Running Play

  • (noun): (American football) a play in which a player runs with the ball.
    Synonyms: run, running, running game

Some articles on running play, plays, play, running:

1998 Music City Bowl - Game Summary - Fourth Quarter
... After a running play was stopped for no gain, Clark completed a pass to Pegues, who ran for a first down at the Alabama nine-yard line ... Three plays later, Pegues crossed the goal line for a touchdown ... The first play of that drive resulted in a five-yard penalty against Virginia Tech ...
1998 Music City Bowl - Game Summary - Second Quarter
... a seven-yard pass to Hall, then Alexander lost three yards on a running play, setting up third down and 17 ... Alexander advanced to the five-yard line on a running play, and Zow completed a touchdown pass to Vaughn for the Tide's first points of the game ... On the drive's first play, Tech committed a five-yard offsides penalty ...
Super Bowl XXX - Game Summary
26-yard line, Williams could only gain 2 yards on a reverse play, forcing Dallas to settle for a 42-yard Chris Boniol field goal ... Four plays later, Aikman completed a 3-yard touchdown pass to tight end Jay Novacek (playing in what would be his last game, as Novacek missed the following season due to back injuries before retiring ... recover from the 13-yard loss and had to punt 2 plays later ...
Halfback Option Play
... The halfback option play is an unorthodox play in American football ... It resembles a normal running play, but the running back has the option to throw a pass to a wide receiver or tight end before crossing the line of scrimmage ... The key to the play is fooling the defensive players, primarily the defensive backs ...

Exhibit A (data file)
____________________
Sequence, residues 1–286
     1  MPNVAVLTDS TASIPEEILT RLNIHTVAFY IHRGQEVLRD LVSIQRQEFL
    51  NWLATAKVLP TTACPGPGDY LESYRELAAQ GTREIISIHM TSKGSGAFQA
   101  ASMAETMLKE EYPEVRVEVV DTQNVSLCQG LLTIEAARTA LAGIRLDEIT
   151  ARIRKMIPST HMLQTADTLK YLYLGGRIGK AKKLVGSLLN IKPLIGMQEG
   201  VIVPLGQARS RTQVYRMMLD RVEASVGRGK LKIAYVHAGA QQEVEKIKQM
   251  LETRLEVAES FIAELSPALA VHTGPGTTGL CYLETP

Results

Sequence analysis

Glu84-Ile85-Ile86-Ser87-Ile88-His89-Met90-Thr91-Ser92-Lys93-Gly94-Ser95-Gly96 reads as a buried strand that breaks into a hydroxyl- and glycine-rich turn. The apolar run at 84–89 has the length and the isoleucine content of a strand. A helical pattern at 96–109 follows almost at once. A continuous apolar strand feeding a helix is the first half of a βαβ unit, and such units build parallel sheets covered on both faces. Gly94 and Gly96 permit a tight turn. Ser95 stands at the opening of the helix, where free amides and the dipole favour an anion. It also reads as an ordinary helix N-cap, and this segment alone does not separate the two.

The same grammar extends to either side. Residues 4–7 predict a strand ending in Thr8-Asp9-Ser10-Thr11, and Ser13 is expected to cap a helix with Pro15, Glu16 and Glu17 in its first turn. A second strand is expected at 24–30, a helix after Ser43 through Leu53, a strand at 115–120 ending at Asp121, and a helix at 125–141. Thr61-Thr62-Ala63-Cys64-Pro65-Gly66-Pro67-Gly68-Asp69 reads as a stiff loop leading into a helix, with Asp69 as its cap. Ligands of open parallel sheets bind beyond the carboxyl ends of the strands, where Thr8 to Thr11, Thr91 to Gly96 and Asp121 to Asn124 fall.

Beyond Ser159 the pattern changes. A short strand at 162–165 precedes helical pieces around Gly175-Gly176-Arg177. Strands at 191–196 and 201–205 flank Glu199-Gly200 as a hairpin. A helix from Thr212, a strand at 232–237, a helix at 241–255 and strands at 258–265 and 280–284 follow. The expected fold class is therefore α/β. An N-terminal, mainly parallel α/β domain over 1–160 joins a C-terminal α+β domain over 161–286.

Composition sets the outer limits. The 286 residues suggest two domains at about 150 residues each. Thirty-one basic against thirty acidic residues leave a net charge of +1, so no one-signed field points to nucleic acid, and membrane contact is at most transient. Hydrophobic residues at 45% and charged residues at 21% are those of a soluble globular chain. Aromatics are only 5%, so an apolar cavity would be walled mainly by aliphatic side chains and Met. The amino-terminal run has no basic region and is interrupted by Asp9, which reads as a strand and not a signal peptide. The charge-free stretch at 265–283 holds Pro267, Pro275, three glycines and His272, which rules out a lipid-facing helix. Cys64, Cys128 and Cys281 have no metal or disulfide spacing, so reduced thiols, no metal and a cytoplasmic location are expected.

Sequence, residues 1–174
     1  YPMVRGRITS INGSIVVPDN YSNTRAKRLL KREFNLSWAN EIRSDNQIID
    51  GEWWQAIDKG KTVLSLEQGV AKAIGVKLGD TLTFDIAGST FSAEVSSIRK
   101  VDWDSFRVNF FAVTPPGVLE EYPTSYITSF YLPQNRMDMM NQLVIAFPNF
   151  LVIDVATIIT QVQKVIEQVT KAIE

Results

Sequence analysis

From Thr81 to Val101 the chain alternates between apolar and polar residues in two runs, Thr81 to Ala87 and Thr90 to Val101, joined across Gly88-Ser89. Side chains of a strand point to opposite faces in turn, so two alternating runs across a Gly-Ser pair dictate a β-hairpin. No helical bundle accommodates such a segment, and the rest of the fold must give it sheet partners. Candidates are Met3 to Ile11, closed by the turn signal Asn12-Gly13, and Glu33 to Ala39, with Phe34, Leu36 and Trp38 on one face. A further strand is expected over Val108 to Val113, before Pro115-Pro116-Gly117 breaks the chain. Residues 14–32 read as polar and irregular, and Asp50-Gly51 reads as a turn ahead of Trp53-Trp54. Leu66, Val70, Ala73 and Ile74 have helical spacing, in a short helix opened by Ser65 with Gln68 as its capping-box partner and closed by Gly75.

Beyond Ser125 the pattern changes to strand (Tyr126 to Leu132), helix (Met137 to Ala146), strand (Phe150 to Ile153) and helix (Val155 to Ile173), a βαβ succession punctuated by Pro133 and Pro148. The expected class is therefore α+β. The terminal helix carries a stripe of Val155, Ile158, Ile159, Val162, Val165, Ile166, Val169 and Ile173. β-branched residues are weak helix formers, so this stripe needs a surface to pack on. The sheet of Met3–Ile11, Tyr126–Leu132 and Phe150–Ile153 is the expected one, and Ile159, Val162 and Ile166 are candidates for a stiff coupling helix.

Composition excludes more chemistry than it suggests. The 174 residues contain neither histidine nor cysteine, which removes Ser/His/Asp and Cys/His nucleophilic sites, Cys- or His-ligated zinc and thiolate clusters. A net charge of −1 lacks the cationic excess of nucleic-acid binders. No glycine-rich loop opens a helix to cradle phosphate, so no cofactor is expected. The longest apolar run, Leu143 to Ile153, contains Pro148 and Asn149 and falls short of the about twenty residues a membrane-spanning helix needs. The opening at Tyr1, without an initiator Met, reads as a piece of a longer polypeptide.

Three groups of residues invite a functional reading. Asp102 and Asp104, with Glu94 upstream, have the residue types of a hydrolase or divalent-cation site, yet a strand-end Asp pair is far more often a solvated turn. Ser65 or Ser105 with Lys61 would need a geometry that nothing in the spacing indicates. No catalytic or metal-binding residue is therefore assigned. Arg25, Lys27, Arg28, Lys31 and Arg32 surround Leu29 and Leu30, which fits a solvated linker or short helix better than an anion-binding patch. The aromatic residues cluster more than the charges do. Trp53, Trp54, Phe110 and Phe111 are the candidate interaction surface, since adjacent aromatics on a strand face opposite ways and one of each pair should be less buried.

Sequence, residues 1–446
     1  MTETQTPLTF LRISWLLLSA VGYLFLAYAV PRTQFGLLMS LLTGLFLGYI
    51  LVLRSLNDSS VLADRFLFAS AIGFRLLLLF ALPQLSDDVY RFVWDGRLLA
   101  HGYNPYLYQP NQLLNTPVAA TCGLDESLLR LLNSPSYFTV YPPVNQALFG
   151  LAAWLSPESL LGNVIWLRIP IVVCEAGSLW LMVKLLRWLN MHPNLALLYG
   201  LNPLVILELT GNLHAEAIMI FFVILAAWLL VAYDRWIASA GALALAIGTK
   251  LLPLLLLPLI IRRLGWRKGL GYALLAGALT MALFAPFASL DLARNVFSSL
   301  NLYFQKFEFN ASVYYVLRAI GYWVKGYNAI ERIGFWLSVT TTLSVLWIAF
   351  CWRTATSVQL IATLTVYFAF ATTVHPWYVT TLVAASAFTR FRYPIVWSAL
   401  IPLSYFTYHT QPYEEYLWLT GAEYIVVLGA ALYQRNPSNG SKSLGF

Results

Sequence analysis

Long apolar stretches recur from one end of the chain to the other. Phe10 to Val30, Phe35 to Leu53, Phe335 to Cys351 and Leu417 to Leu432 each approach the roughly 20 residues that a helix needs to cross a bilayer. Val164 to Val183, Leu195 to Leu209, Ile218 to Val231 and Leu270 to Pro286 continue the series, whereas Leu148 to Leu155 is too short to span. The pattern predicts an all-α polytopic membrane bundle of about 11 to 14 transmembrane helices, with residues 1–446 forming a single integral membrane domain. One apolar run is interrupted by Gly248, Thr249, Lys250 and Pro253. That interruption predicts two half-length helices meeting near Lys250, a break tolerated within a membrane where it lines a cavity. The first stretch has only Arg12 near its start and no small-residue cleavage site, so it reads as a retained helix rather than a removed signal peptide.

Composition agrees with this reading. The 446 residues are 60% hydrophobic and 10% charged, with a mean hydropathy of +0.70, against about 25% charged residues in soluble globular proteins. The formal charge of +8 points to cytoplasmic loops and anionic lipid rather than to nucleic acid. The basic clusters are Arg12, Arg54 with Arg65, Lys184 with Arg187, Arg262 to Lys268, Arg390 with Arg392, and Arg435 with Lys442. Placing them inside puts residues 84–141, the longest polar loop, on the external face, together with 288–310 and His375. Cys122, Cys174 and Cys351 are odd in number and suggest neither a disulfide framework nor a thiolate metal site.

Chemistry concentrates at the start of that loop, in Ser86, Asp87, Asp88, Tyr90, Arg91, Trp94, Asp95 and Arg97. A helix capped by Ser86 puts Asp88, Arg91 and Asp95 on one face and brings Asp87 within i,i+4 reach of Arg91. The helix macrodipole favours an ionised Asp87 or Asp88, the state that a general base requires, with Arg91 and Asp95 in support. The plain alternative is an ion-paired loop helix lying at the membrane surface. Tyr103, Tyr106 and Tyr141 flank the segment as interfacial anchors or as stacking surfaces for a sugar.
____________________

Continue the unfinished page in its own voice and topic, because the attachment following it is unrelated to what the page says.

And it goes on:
Famous quotes containing the words play and/or running:

    In my dreams is a country where the State is the Church and the Church the people: three in one and one in three. It is a commonwealth in which work is play and play is life: three in one and one in three. It is a temple in which the priest is the worshiper and the worshiper the worshipped: three in one and one in three. It is a godhead in which all life is human and all humanity divine: three in one and one in three.
    George Bernard Shaw (1856–1950)

    Animals used to provide a lowlife way to kill and get away with it, as they do still, but, more intriguingly, for some people they are an aperture through which wounds drain. The scapegoat of olden times, driven off for the bystanders’ sins, has become a tender thing, a running injury. There, running away ... is me: hurt it and you are hurting me.
    Edward Hoagland (b. 1932)